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November 11, 2009
Jan. 13, 2004 - AOPA and the T-34 Association are telling the FAA that the proposed timeframe for owners of Beechcraft T-34 Mentors to comply with an airworthiness concern is too short and needs to be extended.
The FAA issued an Airworthiness Concern Sheet (ACS) following a recent fatal T-34 accident involving a wing-spar failure. The FAA also issued Flight Standards Information Bulletin FSAW 03-11, Special Inspection for T-34 Mentor Aircraft, which requires each flight standards district office to inspect every T-34 in its district for compliance with an earlier wing spar airworthiness directive ( 2001-13-18), annual or 100-hour inspection, and general aircraft condition. The FAA also intends to require owners to comply with Raytheon Service Bulletin SB57-3329. But doing so could mean owners would not be able to utilize the alternate means of compliance currently under development.
But the T-34 association told the FAA that all of the wing-spar failures involved aircraft that are used for simulated combat flight or "upset" training, which involve much greater stresses than the more normal flight operations that the majority of T-34s are used for.
Both AOPA and the T-34 Association have told the agency that the 20-flight-hour or 30-day time limit is unnecessarily short. "The resulting demand on the limited number of providers capable of performing the inspections could lead to a considerable number of aircraft unable to comply in this narrow timeframe," wrote Rob Hackman, AOPA's manager of Regulatory and Certification Policy.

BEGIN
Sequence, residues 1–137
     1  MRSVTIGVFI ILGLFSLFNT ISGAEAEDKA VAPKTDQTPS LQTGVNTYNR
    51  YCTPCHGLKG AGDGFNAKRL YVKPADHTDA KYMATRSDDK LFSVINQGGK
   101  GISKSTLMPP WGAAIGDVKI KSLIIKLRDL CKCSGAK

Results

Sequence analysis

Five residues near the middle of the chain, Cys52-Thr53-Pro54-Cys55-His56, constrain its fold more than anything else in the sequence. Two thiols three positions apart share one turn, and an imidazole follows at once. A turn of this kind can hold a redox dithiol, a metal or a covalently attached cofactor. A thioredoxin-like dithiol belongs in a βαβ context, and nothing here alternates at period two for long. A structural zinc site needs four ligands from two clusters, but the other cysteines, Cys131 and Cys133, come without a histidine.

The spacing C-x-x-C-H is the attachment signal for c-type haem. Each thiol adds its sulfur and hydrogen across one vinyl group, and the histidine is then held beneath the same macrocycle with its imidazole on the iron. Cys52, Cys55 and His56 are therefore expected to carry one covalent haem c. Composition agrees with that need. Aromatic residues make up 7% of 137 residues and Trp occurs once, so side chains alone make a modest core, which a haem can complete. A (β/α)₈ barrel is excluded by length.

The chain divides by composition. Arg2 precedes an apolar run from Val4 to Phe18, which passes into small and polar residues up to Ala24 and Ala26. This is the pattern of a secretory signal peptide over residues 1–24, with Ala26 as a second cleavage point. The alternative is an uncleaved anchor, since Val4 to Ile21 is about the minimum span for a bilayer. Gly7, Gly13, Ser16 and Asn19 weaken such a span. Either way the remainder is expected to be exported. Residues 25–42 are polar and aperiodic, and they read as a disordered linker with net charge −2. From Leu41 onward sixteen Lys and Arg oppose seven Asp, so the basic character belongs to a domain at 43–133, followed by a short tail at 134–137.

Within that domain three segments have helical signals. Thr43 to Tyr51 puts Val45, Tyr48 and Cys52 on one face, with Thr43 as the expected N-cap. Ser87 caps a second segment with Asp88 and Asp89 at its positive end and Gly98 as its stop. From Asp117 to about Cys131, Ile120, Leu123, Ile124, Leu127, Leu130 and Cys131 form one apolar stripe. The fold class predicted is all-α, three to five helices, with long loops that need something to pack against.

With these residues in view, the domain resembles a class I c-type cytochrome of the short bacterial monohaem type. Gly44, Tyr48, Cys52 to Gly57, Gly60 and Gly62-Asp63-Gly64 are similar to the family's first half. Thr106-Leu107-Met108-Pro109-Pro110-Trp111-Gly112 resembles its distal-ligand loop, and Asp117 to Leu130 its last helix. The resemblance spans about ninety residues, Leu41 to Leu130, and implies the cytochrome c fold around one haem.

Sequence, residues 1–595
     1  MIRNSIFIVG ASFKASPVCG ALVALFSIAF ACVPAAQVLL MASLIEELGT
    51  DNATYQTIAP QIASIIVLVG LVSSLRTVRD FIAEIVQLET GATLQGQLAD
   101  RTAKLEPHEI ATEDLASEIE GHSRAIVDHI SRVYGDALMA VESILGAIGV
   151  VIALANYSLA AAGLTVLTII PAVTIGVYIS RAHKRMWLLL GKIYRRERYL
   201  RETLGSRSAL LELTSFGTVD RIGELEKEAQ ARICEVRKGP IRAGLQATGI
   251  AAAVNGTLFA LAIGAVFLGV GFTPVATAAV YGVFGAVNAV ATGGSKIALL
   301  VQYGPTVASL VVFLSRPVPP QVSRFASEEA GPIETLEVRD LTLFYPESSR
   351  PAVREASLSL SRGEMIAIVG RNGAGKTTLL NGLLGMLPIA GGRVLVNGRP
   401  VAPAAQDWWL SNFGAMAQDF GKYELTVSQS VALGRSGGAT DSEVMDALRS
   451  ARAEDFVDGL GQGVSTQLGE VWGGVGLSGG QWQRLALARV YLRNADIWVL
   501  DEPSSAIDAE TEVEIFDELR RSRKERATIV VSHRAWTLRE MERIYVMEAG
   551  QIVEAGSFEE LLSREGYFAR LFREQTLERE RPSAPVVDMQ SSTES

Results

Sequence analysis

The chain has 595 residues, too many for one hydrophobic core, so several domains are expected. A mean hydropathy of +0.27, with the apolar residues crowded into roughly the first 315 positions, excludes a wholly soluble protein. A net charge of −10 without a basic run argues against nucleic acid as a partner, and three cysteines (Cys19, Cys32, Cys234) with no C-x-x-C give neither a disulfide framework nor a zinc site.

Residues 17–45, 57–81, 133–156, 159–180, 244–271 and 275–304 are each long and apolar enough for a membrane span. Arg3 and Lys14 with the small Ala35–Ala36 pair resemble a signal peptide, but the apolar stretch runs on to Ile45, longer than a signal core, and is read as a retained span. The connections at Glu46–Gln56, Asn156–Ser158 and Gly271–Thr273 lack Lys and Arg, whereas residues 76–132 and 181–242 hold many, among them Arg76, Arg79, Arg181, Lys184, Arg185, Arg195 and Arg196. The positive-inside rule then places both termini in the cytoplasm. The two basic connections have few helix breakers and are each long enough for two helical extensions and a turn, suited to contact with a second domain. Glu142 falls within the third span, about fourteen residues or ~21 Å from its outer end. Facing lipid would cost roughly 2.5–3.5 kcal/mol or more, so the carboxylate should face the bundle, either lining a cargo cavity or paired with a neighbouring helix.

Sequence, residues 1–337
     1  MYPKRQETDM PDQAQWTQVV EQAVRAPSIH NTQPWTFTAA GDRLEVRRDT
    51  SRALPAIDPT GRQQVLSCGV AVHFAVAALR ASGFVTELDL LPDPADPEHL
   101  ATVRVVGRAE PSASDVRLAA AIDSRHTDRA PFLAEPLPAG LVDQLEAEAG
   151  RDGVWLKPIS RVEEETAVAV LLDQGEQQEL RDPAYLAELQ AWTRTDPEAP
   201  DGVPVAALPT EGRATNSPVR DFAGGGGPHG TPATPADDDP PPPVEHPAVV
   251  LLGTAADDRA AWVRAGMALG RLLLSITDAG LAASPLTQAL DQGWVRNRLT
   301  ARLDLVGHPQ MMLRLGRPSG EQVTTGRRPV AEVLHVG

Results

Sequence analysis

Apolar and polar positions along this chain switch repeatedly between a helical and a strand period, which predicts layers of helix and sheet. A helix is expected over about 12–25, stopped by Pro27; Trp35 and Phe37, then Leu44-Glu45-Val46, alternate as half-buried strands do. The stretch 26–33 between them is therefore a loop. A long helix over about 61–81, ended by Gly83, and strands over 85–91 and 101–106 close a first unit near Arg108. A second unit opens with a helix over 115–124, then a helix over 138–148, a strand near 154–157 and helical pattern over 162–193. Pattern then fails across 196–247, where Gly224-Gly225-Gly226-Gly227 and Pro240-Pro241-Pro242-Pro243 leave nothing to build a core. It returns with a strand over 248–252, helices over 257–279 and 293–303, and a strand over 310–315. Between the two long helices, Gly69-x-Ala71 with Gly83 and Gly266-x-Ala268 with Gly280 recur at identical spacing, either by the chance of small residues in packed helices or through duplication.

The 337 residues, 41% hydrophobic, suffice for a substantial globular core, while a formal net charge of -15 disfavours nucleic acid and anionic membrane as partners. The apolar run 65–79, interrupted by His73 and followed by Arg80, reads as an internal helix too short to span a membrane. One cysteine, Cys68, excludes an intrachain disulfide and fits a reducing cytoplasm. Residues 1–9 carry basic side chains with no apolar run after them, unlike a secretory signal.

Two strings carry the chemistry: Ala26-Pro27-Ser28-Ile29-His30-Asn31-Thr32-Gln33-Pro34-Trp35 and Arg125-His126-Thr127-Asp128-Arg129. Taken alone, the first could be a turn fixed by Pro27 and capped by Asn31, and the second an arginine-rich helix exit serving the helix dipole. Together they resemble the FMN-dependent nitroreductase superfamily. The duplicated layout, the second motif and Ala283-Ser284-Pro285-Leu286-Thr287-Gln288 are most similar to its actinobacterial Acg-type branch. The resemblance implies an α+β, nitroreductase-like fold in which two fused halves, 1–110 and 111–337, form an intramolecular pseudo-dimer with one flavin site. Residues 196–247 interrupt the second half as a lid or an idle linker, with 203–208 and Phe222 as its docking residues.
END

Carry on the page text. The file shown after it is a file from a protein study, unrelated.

Hackman also pointed out that the original wing-spar AD gave owners a 200-hour extension in which to comply but that the ACS apparently makes no provision for that extension. "We would ask that a provision allowing these aircraft to continue flying be considered in any action taken by the FAA," wrote Hackman.
The T-34 Association has developed an airworthiness status checklist to help owners prepare for the upcoming FAA inspections.
The Airworthiness Concern process was developed jointly by the FAA and aviation industry to allow the agency to collect preliminary information from the industry before determining the best way to address airworthiness issues.
Unable to climb, and unable to lower the nose to accelerate without contacting the ground, he is in a spot.
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